The following site provides a free annual credit report:

Public Records

Another area of interest is your public record. It’s estimated that up to 40% of resumes can contain false or tweaked information, so employers might want to verify your information to insure that what they are getting is what they were promised. Information in public records has been filed or recorded by public agencies and can be either created by the federal and local government (vital records, real estate records, driving records) or by the individual (magazine subscription, voter registration etc.). Even though most essential public records are maintained by the government, they are accessible to the public either free-of-charge or for an administrative fee.

To find out what information is on public record under your name, visit your state’s website or use a nationwide directory of online and offline public record sources such as

Criminal Records

Employers are facilitating background checks more diligently, as negligent hiring suits are picking up and can cost the company millions of dollars. Checking driving records and criminal records is becoming a standard procedure for many employers. They are looking for information in your background that indicates a predisposition to violence or illegal activity. If you are planning on entering the job market, do a pre-screening yourself to make sure that there are no unpleasant surprises waiting in your criminal record. Just like with your financial background, it might be better to proactively address any issues in your criminal history. Being honest about it and admitting past mistakes will always work in your favor.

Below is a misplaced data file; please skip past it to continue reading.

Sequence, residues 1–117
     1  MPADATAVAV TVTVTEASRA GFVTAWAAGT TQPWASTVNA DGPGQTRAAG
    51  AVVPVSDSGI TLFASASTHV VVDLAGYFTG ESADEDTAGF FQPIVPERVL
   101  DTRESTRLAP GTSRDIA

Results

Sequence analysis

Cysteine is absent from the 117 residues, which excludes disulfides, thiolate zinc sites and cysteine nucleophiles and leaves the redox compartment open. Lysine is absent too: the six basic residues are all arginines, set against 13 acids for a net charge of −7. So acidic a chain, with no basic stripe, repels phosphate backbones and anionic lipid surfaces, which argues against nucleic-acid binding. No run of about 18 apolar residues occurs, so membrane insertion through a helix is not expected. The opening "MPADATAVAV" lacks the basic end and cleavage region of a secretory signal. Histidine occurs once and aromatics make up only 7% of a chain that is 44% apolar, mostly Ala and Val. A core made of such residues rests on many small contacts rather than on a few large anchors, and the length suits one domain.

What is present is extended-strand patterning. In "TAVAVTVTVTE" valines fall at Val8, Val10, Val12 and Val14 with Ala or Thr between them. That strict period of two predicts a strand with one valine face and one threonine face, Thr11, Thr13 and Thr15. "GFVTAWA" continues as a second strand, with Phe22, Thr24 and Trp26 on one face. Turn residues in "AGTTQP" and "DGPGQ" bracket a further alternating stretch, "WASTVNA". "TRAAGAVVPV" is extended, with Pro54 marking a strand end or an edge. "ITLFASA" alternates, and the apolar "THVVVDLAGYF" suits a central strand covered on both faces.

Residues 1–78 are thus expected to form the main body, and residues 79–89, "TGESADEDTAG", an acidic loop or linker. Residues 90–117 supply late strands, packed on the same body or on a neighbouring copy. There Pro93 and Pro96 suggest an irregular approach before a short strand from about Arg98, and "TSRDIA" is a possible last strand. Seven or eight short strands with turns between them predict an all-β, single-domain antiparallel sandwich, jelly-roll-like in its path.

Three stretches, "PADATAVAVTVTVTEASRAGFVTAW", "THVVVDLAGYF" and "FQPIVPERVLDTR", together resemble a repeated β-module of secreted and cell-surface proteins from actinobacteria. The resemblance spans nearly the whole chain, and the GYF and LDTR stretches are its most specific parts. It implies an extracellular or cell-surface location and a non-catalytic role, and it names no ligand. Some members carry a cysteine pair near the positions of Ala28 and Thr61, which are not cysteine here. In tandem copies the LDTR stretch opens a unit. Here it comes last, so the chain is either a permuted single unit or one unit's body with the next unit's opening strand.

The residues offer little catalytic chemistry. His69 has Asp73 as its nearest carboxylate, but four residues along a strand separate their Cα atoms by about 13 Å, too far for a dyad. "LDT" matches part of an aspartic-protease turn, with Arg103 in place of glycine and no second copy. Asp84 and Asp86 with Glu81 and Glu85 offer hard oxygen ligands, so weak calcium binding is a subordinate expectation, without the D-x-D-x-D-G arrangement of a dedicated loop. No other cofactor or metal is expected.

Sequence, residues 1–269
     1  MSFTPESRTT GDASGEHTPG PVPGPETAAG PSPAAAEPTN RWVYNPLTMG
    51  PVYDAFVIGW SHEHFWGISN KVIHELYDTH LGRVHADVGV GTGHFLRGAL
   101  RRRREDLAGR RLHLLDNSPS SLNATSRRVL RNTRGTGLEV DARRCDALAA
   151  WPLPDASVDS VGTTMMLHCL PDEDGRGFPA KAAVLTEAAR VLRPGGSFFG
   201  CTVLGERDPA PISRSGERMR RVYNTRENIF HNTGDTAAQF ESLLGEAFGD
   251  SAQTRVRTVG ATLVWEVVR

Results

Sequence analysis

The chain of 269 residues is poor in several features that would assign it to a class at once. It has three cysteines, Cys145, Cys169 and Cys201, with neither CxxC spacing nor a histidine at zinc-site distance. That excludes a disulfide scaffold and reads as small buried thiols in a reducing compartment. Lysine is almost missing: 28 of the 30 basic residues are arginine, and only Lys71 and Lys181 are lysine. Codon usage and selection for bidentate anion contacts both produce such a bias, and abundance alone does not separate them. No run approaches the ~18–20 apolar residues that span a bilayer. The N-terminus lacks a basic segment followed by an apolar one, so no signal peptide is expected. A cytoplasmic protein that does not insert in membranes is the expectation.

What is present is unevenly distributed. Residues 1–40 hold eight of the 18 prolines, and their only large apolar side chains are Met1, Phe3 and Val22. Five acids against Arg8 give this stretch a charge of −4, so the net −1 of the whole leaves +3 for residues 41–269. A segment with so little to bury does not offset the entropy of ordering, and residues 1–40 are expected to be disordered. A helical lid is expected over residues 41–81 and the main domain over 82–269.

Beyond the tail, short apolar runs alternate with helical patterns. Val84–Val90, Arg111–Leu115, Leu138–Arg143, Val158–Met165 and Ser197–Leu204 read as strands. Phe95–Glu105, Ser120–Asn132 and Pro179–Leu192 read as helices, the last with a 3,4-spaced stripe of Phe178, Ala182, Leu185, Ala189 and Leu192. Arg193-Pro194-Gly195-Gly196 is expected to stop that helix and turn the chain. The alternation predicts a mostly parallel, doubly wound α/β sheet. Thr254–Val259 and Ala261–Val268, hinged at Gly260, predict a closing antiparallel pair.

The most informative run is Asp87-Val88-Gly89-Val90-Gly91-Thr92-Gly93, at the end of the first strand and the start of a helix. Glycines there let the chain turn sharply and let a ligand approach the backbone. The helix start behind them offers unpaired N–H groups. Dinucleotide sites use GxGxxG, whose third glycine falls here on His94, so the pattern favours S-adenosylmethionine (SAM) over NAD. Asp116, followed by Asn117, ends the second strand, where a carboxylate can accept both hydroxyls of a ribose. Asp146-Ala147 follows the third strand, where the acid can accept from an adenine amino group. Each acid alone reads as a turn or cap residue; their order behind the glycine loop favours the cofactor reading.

To pre-screen your criminal records, check online to see if your state has a criminal database on the internet. If not, you can also go to the local courthouse in which you believe you have committed a crime and access those records.

Personal (Offline) Image

Besides checking the official references provided on your application, some companies also check your reputation in their own networks. Employers might call up personal contacts in companies that you have worked for to ask for informal references, so it is important to display a professional attitude at your current job at all times. Even if the contact doesn’t have specific information regarding your job performance, he or she might have some general information about job related issues like reliability, punctuality and the way you present yourself; are you polite and friendly, or often grouchy and moody. Be aware of your professional image, not just with regard to your immediate supervisor, but also your general presence in the company.